similarity also. The assasination attempt made via a music cue. But what a convoluted way to get there. And I disagree about Caruso's staging of the car chase. One of the worst edited car chases I've seen in a long time. William Friedkin, where are you?<p>Of course the major plot twist is hokum, and it destroys the picture on the whole. Remember when "popcorn" thrillers actually had a brain behind them, like say, WarGames?

  • Sept. 29, 2008, 10:54 a.m. CST

    Does Shia do his NONONONONONO! shit in this?

    by Nasty In The Pasty

  • Sept. 29, 2008, 11:16 a.m. CST

    My biggest problem with it...

    by epitone that for the most part, LaBeouf and Monaghan never make a single independent or intelligent decision on their own. They're just doing what the [spoiler] computer [/spoiler] is telling them to do. And neither of them is especially smart or capable. No question about it, these are protagonists born of the Sarah Palin era, where no public figure is allowed to be smarter than the bottom third of the American populace. You know what's great about North by Northwest? Cary Grant is out of his element, but he's no idiot. He's always thinking quickly, doing his best to stay ahead of the game even with the odds completely against him. OK, it's harsh to judge a tossed-off film like Eagle Eye against arguably the best thriller in movie history, but come on -- the filmmakers should at least be SHOOTING for that level. Watching Eagle Eye, I had the sense that DJ Caruso's highest ambition was to be compared to Renny Harlin. (And he doesn't even come near him. The Long Kiss Goodnight blows this movie out of the water on every level.)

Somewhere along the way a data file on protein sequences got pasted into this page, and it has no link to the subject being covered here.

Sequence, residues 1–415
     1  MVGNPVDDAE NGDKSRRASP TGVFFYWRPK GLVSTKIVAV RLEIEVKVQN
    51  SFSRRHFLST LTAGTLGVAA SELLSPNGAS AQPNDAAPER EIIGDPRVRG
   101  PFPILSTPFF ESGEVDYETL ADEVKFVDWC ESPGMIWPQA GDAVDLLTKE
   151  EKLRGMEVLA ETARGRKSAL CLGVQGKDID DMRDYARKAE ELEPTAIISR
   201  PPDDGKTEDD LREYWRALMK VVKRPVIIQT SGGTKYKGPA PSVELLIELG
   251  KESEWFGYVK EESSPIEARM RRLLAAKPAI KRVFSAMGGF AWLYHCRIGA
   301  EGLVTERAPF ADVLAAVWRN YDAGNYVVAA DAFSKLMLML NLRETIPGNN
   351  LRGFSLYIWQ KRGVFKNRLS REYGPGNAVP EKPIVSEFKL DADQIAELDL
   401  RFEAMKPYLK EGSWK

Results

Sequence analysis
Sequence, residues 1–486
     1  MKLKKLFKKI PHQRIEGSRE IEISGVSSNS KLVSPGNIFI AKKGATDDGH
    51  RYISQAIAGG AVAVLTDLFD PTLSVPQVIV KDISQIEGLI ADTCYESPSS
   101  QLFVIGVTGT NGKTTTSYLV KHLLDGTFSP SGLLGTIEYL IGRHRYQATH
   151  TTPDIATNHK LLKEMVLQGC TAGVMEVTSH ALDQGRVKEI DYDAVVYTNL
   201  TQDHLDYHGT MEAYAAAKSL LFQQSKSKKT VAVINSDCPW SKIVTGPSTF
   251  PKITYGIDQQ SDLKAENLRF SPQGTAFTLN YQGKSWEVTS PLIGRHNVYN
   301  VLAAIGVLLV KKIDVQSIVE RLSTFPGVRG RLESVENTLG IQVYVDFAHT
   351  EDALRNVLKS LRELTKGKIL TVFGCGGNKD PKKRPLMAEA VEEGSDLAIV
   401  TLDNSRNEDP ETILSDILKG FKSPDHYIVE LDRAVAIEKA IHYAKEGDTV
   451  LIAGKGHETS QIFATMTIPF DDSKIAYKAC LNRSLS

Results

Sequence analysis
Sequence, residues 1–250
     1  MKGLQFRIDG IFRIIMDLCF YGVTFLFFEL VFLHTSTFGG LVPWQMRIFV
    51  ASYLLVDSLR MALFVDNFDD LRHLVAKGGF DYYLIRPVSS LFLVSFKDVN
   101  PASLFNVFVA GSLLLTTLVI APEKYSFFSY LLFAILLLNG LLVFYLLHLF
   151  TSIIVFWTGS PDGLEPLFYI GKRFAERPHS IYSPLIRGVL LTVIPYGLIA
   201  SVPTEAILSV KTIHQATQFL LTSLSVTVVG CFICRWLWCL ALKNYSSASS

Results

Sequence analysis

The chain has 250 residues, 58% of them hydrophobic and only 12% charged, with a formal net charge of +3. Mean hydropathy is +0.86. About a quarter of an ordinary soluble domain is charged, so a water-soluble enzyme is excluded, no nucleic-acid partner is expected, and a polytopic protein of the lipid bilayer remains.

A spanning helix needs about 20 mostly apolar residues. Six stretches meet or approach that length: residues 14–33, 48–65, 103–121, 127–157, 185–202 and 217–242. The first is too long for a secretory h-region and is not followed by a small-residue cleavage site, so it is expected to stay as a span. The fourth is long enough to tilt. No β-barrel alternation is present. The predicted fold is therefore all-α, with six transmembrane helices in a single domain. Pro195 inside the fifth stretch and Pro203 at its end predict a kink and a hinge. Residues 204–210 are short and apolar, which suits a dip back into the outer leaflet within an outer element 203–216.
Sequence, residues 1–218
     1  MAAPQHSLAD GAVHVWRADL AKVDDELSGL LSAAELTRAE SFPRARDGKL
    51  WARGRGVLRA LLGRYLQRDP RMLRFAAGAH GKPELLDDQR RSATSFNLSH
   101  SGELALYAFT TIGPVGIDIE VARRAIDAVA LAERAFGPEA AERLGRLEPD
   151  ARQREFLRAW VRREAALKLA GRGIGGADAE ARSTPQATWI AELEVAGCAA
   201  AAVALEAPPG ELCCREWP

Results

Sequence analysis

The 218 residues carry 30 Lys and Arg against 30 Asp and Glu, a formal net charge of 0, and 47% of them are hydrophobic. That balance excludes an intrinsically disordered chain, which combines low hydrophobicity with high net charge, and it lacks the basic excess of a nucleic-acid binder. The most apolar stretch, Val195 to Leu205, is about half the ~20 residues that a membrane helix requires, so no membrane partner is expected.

• Sept. 29, 2008, 11:59 a.m. CST

    why didn't the voice just hire a couple of goons?

    by drewlicious

    You know, so it could just drag his ass to the loading bay and maybe have another couple of goons hold his family hostage so he doesn' try anything stupid. The movie is just one big logistical nightmare.

  • Sept. 29, 2008, 12:08 p.m. CST

    just silly.

    by TooWhippy

  • Sept. 29, 2008, 12:27 p.m. CST

    One more thing...

    by epitone